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Another completely redundant word, primary reference being "The Endangered English Dictionary: Bodacious Words Your Dictionary Forgot". Not sure if it doesn't meet CFI because it is a nonce, or if it doesn't meet CFI because it is a made-up word for things that already have better words...e.g. nocturnal, sleepwalker, etc. --Connel MacKenzie 06:29, 17 March 2007 (UTC)

Actually, I just think it meets the CFI (my initial instinct was to RFV this as well, but I went through the sites and it seems real to me - it's mentioned in dictionaries going back over a hundred years):
Thomas Martindale, Sport Indeed (2005) p. 177:
When the sun dropped behind the ridges and this duskiness began to creep over the face of nature, it seemed as if the thoughtful dame had given all her creatures - except her noctivagant rakes — quick notice to finish whatever task they had on hand and get to bed.
Alan Wall, The School of Night (2003) p. 223:
Not merely nocturnal but noctivagant, a nightwalker, a prowler, a nomad of the midnight streets...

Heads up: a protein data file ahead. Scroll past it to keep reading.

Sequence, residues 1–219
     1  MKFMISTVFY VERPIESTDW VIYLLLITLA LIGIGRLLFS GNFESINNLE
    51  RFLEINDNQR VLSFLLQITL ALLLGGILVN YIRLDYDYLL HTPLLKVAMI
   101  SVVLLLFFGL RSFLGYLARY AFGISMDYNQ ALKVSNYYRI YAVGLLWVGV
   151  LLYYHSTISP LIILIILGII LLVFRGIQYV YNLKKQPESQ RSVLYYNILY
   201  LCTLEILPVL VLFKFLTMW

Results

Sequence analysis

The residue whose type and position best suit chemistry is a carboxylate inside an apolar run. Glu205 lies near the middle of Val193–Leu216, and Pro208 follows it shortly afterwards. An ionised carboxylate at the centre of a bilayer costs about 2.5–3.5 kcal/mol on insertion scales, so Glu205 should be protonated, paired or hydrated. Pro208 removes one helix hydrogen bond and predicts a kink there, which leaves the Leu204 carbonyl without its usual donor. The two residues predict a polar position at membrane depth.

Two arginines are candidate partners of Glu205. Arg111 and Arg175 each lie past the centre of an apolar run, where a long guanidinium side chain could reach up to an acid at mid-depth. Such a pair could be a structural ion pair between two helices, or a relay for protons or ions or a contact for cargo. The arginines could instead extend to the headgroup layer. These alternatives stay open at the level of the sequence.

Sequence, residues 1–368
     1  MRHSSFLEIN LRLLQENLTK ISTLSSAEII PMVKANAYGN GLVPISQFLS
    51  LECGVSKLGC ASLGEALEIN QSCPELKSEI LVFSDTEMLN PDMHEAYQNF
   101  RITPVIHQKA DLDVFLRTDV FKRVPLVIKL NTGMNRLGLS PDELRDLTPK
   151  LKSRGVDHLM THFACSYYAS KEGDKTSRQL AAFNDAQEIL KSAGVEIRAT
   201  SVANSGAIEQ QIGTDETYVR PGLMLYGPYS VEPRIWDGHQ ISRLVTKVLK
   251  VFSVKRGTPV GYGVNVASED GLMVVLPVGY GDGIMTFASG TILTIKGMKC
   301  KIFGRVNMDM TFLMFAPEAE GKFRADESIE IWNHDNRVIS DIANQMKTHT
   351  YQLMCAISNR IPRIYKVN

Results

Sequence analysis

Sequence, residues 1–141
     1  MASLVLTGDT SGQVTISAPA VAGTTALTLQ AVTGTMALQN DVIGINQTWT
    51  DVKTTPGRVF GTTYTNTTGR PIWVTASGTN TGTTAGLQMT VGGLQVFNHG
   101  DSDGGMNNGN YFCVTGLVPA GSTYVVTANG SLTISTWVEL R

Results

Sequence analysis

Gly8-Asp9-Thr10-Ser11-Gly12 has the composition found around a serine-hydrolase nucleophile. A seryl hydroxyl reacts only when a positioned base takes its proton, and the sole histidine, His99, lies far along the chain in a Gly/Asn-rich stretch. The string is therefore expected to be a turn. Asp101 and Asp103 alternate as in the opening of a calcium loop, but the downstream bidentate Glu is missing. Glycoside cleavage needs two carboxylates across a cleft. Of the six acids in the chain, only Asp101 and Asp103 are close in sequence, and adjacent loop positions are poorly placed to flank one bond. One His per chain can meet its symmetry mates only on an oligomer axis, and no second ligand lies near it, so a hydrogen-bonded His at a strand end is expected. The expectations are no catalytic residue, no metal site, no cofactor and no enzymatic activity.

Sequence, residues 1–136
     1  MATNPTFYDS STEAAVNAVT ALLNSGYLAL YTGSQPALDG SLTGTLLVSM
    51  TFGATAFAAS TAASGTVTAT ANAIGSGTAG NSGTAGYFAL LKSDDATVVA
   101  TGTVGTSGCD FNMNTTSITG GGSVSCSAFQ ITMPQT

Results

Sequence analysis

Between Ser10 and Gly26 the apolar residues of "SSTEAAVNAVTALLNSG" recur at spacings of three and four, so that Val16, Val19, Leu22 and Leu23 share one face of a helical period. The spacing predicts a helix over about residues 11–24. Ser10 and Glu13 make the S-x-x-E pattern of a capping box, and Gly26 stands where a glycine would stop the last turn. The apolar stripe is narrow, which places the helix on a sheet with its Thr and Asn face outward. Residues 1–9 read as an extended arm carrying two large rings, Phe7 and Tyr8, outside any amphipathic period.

Raymond Queneau, Zazie in the Metro (2001) p. 153:
Primary and defalcatory policeman, noctivagant miscreant, irresolute pursuer of widows and orphans, these fleeting images allow me to assume without apprehension the minor risks of ridicule, of absurdity, and of sentimental effusion...
Charles Harpur, Elizabeth M. Perkins, The Poetical Works of Charles Harpur (1984) p. 495:
The bidawong, like the kindyne, is a noctivagant animal, and less like the European quadruped after which it has been partly named.
Nirmal Probha Bardoloi, Assamese Short Stories: An Anthology (1982) p. 36:
...Eso again turned noctivagant. That was why the Pastor could not meet him.
Walter Hamilton, Parodies of the Works of English & American Authors (1967) p. 142:
But the Demon's a deuce of a rider to catch,
And it taxes brave Shaw to continue a match
For the fiery noctivagant ranger.
Cheers! bd2412 T 13:06, 17 March 2007 (UTC)
Also, this has nothing to do with sleepwalking. This is wandering around awake at night. Nocturnal isn't the same either, it doesn't necessarily mean wandering. 14:22, 17 March 2007 (UTC)
One more cite, quite an ancient old one:
James Hogg, The Three Perils of Woman; Or, Love, Leasing and Jealousy: A Series of Domestic Scottish Tales (1823) p. 145:
...I therefore think, Sarah, that the incommensurability of the crime with the effect, completely warrants the supersaliency of this noctivagant delinquent.
  • Striking as verified. bd2412 T 13:42, 23 March 2007 (UTC)